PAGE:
NATION

‘I’m Lucky I Didnt Get on The Ferry’

A 19-year-old Kiribati stu­dent of the University of the South Pacific (USP) is counting her lucky stars after the sinking of the Kiribati ferry MS Butiraoi last month. Mwaeelydia Tekabwebwere,
11 Feb 2018 11:00
‘I’m Lucky I Didnt Get on The Ferry’
Lucky to be alive...Mwaeelydia Tekabwebwere during memorial service at Kiribati High Commission in Fiji for the passengers of sunken ferry MS Butiraoa on February 10, 2018. Photo: Ronald Kumar.

A 19-year-old Kiribati stu­dent of the University of the South Pacific (USP) is counting her lucky stars after the sinking of the Kiribati ferry MS Butiraoi last month.

Mwaeelydia Tekabwebwere, of Tarawa, was expected the board the ferry on January 18 for a rou­tine two-day trip over 260 kilome­tres.

Ms Tekabwebwere said she was stopped by her mother who advised her that it was more important for her to get her visa sorted for her trip to Fiji.

“Before I came to Fiji, I was listed to go on that ferry, but my mother told me to get on the plane before the end of the week because of school and so I came to Fiji.”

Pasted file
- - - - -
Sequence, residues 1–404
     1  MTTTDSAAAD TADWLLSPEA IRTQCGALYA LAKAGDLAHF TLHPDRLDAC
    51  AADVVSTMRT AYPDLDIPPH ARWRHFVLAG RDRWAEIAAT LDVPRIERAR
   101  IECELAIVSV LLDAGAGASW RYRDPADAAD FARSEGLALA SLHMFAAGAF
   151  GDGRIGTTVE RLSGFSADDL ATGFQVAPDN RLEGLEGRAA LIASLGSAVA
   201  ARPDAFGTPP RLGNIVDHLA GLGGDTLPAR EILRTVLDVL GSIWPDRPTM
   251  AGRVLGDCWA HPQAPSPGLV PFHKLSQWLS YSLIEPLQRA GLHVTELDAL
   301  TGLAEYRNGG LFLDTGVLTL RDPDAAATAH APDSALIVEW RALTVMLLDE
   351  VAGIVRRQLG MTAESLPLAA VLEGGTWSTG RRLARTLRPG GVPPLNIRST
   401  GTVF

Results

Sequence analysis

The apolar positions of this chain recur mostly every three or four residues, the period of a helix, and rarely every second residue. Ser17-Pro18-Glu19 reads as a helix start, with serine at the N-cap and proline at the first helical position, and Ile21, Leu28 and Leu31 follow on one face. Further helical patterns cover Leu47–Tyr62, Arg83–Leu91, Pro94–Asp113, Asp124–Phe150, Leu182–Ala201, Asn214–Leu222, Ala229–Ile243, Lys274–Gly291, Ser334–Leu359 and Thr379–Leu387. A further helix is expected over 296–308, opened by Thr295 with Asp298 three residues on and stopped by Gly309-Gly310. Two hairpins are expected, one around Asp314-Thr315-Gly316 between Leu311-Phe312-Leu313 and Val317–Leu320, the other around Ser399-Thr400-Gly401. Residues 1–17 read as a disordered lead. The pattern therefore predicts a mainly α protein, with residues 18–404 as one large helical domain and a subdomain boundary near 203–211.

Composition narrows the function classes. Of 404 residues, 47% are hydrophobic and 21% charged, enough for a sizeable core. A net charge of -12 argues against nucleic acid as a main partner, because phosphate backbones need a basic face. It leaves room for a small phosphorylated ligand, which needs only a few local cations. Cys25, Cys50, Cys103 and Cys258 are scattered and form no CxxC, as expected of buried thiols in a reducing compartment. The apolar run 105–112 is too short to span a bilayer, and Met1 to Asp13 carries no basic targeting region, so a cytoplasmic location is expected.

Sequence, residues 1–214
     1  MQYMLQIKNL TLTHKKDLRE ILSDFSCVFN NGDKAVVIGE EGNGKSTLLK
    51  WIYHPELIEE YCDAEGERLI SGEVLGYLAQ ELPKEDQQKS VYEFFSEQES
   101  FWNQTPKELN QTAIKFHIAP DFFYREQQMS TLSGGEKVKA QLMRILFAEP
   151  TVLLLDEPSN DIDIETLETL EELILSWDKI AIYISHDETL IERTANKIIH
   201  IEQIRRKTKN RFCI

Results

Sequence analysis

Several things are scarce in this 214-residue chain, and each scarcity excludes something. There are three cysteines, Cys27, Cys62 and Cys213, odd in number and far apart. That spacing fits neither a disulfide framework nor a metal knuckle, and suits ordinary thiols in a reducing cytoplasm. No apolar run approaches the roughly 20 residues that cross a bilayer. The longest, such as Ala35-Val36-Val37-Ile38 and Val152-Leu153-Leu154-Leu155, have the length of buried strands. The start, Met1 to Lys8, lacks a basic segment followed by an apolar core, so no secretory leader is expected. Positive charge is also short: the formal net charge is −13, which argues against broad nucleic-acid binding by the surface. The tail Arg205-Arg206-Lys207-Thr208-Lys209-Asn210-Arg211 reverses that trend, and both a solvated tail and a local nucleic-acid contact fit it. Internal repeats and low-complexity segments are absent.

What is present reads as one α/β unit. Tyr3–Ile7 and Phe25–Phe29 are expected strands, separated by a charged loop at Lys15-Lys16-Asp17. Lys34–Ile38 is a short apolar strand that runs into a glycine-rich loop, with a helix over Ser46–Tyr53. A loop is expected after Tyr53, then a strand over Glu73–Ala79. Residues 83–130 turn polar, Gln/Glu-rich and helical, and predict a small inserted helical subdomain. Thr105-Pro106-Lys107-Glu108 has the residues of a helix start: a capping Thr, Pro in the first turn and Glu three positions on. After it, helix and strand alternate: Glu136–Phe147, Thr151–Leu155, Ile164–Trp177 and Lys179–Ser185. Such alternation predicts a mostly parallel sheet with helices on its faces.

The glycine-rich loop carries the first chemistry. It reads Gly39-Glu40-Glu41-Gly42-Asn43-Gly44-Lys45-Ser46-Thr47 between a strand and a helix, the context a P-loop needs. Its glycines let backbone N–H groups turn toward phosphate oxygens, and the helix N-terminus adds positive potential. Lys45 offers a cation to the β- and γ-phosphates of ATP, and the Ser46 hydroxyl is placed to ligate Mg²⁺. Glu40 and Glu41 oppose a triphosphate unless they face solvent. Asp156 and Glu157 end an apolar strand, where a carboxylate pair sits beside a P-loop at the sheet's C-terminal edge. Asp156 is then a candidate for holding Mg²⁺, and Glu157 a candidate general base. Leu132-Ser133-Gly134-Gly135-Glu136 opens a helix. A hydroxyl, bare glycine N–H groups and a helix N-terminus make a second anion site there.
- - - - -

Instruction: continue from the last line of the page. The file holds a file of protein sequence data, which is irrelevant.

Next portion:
She said it was after a week of her arrival when she was informed about the missing ferry.

“We found out the ferry had sunk. When a friend told me she didn’t know I had my relatives on board. I had a feeling it was my uncle and cousin brother,’’ Ms Tekabwebwere said.

“I was lucky. I felt happy I didn’t get on the ferry but at the same I was sad. I was broken inside. I was very sad.

“I had a feeling they were young and strong and they could survive. I don’t know what happened. I wish they didn’t get on that ferry.”

Meanwhile, Ms Mwaeelydia said the ferry is expected to have claimed at least 81 lives of which many were students.

The MS Butiraoi was carrying at least 88 passengers from the island of Nonouti to the township of Betio on the archipelago’s main island of Tarawa where it failed to arrive.

After days of not hearing any­thing from the 17.5m (57-foot) ves­sel, an international search effort got under way involving aircraft from New Zealand, Australia and the United States scanning the ocean for wreckage, debris and survivors.

A preliminary passenger docu­ment lists 14 children, 16 students and 58 adults. The vessel was de­signed for only about 25 passen­gers.

Edited by George Kulamaiwasa

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